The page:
Very recently in Manila, at the 12th Conference of the Parties to the Convention on the Conservation of Migratory Species of Wild Animals, the BirdLife Partnership presented its latest publication on the illegal killing of birds in Europe – ‘The Killing 2.0 – A View to a Kill’.
Starting a career in conservation can be a difficult undertaking. Often there is a requirement to have several degrees, work and field experience and opportunities for paid internships are rare. During the CLP internships, however, the young people who are just starting out in their careers get the opportunity to learn the ropes of BirdLife and produce relevant and applicable results.
New research has found that nearly half of the earth’s highly threatened vertebrates live on islands – and two thirds of them overlap with invasive species. With this information, we’re better equipped than ever before to focus conservation where it’s most needed. Like Gough Island, where removing invasive mice could save six threatened bird species in one go. Read about this fascinating study here.
In 2009, NatureKenya (BirdLife Partner in Kenya) supported 13 self-help groups to form a larger community group that works to protect the natural resources of Dakatcha woodland in such a way that benefits people in the various communities living in and around the site. The group known as the Dakatcha Woodland Conservation Group (DWCG) has since worked to preserve the forest resources and improve the livelihoods of the local population.
Around 30,000 Ortolan Buntings are captured every year during the autumn migration, as their flightpath from eastern Europe to west Africa takes them across France – and in particular Landes, a poaching hotspot in the south-west of France. Here, songbirds are trapped in huge numbers, either in nets, or, in Provence, by getting snared by glue smeared on the branches of their favoured trees. BirdLife estimates around 500,000 birds are illegally caught every year in France.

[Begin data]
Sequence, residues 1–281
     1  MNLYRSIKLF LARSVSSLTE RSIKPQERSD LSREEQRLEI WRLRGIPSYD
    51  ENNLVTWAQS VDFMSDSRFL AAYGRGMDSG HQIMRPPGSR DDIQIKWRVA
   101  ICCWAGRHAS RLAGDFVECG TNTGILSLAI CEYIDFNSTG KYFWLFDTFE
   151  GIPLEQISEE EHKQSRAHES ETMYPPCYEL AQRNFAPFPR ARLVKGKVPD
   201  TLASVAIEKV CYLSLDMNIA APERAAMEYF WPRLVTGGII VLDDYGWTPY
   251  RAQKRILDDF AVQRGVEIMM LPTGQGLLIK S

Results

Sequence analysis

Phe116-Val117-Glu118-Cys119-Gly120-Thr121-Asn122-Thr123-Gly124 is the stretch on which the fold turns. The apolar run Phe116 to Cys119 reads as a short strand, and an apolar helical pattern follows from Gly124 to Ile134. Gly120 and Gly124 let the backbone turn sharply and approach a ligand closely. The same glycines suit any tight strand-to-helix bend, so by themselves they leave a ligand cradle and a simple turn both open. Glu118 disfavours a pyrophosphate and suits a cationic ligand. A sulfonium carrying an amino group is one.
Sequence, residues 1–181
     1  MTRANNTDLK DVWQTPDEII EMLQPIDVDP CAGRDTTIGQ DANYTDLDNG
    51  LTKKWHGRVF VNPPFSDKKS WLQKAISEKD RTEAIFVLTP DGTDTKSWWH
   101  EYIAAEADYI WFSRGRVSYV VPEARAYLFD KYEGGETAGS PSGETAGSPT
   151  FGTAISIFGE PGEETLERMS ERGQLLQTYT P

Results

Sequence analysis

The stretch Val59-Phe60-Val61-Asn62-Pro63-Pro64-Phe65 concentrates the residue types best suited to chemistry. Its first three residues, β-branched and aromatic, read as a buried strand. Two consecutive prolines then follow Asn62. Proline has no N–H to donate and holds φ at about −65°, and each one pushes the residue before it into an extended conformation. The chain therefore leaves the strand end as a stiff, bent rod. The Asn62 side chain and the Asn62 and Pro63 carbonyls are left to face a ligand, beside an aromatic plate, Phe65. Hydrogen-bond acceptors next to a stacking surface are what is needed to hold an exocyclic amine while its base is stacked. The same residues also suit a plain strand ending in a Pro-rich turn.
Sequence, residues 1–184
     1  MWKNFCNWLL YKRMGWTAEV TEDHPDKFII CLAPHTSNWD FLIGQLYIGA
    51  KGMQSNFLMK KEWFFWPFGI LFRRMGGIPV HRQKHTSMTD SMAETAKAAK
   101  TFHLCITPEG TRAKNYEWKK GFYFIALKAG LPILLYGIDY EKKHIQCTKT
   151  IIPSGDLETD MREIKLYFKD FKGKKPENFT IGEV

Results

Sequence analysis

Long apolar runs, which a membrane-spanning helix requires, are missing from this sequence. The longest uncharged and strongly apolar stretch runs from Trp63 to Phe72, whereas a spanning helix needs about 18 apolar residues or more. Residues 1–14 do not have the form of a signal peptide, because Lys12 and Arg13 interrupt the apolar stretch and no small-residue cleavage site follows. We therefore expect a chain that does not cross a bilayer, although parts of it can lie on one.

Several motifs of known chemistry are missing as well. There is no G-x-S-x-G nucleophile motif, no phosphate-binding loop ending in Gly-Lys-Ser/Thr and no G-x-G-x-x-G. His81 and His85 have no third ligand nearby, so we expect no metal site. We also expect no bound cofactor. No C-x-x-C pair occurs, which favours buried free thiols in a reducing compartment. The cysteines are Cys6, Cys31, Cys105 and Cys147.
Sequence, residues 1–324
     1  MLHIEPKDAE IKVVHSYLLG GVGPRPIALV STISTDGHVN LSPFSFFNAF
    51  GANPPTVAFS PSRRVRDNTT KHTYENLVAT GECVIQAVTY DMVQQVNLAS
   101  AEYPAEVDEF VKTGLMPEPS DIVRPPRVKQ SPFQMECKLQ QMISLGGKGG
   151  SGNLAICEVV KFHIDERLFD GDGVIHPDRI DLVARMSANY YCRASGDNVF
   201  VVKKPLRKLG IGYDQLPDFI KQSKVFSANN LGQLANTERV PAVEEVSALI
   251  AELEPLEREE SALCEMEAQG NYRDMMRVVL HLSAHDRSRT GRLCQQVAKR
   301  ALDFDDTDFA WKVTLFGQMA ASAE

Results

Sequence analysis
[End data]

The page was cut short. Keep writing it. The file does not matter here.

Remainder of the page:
Dr. David Pearson 1941-2017
It is with sadness that we report the death of David John Pearson who passed away peacefully aged 76, after several months illness, on 20th September 2017.
- BirdLife's Ethiopia Partner Clocks 50
- Reintroducing the pink pigeon and echo parakeet in Mauritius
- Making environmental conservation gainful for local communities in Burundi
- Helping to build communities of passionate conservationists to save vultures
- National forum discusses biodiversity mainstreaming in Kenya
- The deadly lake that gives life to flamingos
- Afrique de l’ouest: un réseau de centres éducatifs tisse sa toile
- Ethiopia conserves indigenous Cordia trees
The livelihoods of some local communities in most developing countries like Kenya depend on forest resources and various products such as fuel wood, medicine, and food that these forests offer. Forests are known to host the bulk of natural resources on the planet and for providing water, sequestrating carbon, a base for renewable energy and hydro-power generation, as well as for its role in supporting other sectors of development.
Re-introducing birds to suitable habitats where species have gone extinct is often a very important and sometimes a last resort to sustain the survival of some threatened Mauritian bird species. The Mauritian Wildlife Foundation (MWF), a BirdLife International Partner in Mauritius, has a long and successful track record of exploiting bird translocation opportunities at any given time.
Wildlife poisoning driven by human-wildlife conflict is a leading threat to the survival of vultures in East Africa. Vulture populations in the Maasai Mara, Kenya have declined by up to 60% (Virani et al. 2011) and will continue on this trajectory if illegal wildlife poisoning is not stopped.